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ESH. I have a similar situation with my SO. He was born and raised in Vegas. So he never got a license since he never needed one. I grew up in the middle of nowhere Midwest, therefore driving was a huge deal. We've been together for 3.5yrs and I do all the driving. He has major anxiety around driving, I have been patient and understanding about it (we're close! He's getting ready to take classes soon!), and I honestly don't mind doing the driving. Now, he likes rap and rock/heavy metal. I can't stand rap but love rock/heavy metal. We, on the other hand, compromise. We mostly listen to rock because we both like it, but I don't give him a hard time if he wants to throw one or two rap songs in the mix, and he happily sings along to some alternative songs I happen to like in return. I mean, seriously, if you two are this bent out of shape over just music, what does the rest of the relationship look like? Some communication and compromise are definitely needed here, but that's only if they can BOTH stop being petty. And if he really wants you to get your license, then he should talk to you directly about it instead of trying to drive you out with music.
Applause, just so much applause!
I was an appliance sales specialist for years, and I often worked with the designers on kitchens. I have witnessed this so many times from others sales staff. I always found it appalling and often would be the one to step in and give those customers the service they deserved. I applaud you on your response!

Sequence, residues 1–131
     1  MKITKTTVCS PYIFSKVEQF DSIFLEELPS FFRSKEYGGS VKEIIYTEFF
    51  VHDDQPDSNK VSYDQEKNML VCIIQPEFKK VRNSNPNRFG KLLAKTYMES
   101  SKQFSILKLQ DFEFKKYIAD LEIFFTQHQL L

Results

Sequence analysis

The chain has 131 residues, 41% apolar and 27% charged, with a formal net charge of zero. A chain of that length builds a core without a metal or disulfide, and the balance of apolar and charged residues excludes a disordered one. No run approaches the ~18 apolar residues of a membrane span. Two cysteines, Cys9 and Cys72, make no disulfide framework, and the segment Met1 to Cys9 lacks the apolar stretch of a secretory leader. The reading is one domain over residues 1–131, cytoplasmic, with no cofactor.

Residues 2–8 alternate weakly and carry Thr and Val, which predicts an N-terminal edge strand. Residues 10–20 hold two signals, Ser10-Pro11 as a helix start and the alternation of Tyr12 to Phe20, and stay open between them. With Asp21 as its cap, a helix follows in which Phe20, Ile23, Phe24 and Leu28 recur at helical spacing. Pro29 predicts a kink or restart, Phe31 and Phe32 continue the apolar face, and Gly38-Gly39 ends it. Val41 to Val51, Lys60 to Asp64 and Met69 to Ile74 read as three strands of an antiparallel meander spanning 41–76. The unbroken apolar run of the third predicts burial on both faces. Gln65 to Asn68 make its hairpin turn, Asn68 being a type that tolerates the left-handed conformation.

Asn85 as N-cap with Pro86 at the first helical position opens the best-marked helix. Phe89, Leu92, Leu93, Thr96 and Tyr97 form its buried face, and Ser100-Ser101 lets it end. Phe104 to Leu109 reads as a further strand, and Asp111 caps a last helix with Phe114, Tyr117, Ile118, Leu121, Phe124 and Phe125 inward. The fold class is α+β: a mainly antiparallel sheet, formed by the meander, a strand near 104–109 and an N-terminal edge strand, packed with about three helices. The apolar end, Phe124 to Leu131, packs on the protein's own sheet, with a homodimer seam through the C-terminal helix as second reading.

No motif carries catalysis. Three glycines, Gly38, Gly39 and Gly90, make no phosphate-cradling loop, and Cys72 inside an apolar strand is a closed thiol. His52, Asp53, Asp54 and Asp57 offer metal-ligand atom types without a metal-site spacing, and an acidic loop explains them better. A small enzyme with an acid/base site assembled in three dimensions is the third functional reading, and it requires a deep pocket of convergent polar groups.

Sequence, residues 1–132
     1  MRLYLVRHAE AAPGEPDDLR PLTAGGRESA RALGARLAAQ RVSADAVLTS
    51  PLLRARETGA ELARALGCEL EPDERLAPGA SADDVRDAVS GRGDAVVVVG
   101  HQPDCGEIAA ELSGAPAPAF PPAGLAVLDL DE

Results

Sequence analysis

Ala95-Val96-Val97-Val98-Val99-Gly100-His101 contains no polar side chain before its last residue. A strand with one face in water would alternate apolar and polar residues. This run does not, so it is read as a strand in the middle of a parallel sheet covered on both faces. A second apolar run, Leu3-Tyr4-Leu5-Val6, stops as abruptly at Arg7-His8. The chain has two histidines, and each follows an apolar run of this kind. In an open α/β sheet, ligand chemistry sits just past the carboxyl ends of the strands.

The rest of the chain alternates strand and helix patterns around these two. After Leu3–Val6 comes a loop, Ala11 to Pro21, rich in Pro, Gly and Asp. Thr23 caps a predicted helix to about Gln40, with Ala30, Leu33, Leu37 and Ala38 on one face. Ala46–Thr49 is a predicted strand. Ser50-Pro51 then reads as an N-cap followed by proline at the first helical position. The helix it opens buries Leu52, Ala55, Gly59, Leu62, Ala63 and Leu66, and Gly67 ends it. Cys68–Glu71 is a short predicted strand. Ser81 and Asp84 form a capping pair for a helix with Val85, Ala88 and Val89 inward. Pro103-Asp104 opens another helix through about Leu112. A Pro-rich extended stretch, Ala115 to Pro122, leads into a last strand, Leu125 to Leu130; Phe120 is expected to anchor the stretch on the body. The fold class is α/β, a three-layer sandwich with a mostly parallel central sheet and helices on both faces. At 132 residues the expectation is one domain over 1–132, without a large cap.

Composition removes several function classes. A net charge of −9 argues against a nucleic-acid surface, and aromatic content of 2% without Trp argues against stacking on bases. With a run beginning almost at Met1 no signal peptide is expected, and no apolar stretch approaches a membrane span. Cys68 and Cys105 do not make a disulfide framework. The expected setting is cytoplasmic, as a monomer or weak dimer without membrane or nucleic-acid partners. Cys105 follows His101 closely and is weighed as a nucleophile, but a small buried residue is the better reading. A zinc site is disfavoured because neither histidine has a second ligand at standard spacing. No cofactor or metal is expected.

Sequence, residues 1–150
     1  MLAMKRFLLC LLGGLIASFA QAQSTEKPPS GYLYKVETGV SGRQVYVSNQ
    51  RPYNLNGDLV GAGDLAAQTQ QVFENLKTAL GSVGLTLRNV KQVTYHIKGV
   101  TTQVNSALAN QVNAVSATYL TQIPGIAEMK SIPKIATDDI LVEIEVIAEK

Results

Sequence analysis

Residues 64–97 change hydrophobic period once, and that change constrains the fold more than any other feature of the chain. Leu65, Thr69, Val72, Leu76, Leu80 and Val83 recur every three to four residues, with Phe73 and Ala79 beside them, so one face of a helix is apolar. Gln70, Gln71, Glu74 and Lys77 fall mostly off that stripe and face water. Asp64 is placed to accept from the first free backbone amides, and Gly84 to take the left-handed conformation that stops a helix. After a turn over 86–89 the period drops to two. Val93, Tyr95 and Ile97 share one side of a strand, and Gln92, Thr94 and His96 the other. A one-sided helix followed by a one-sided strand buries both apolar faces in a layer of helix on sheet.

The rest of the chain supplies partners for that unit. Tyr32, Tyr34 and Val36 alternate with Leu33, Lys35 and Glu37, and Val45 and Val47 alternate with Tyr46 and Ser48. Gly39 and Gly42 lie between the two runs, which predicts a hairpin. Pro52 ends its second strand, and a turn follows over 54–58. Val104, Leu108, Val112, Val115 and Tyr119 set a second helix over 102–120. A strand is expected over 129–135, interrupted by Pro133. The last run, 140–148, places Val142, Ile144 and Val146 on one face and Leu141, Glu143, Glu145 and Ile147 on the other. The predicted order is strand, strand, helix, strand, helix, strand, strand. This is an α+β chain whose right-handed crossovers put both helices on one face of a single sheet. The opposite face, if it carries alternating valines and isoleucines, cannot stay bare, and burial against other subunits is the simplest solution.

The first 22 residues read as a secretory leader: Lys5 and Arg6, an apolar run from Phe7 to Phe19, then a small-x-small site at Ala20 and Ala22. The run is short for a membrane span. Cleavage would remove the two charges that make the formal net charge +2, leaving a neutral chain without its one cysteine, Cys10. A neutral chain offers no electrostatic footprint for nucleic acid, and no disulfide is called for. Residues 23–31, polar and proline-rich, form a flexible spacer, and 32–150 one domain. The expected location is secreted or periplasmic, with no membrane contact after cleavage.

I am disabled as well and a wheelchair user. If I don't have my SO with me, I have to deal with people giving unsolicited advice and even unwanted forced help. A lot of the time people will back off once I ask them to. Sharing that I am immunocompromised tends to work with others who have tried to forcefully physically help me due to covid. However, there are still plenty of people who won't listen to a word you say. Those people not only have boundary issues, but also seem to treat me as if my words don't matter because I am disabled. Good for you for finding activities you love and finding a way to do them with your disabilities. That in itself is no small undertaking and you should be proud of your work. Screw the crazy lady.
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